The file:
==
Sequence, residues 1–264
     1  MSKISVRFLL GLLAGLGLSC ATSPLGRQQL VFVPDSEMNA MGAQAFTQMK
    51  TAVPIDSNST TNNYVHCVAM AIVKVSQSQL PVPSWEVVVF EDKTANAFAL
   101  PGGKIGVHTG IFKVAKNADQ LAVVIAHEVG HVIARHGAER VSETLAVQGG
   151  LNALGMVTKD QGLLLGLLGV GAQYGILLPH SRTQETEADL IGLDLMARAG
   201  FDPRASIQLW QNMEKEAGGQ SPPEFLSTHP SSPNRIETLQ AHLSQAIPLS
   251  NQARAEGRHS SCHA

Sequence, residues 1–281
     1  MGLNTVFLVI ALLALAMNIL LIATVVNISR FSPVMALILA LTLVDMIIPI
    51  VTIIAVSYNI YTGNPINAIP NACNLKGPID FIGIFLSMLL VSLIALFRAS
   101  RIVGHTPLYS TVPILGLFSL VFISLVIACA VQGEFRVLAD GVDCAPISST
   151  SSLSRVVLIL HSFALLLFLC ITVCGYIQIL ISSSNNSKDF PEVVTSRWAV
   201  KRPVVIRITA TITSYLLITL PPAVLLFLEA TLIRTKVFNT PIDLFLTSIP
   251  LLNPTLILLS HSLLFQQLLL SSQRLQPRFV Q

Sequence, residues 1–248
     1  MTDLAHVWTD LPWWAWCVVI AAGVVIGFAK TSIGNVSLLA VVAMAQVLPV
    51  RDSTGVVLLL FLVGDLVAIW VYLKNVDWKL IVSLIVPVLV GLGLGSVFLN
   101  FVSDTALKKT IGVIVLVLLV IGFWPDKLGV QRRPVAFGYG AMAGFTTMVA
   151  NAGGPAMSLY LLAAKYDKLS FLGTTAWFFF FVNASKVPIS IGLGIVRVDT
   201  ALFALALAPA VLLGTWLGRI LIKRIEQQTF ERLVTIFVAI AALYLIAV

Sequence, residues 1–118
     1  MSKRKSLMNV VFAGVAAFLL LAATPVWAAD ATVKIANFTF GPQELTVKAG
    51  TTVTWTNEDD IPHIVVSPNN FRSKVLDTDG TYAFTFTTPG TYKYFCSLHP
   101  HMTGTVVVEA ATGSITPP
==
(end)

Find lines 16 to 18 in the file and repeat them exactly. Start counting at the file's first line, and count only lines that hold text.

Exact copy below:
     1  MTDLAHVWTD LPWWAWCVVI AAGVVIGFAK TSIGNVSLLA VVAMAQVLPV
    51  RDSTGVVLLL FLVGDLVAIW VYLKNVDWKL IVSLIVPVLV GLGLGSVFLN
   101  FVSDTALKKT IGVIVLVLLV IGFWPDKLGV QRRPVAFGYG AMAGFTTMVA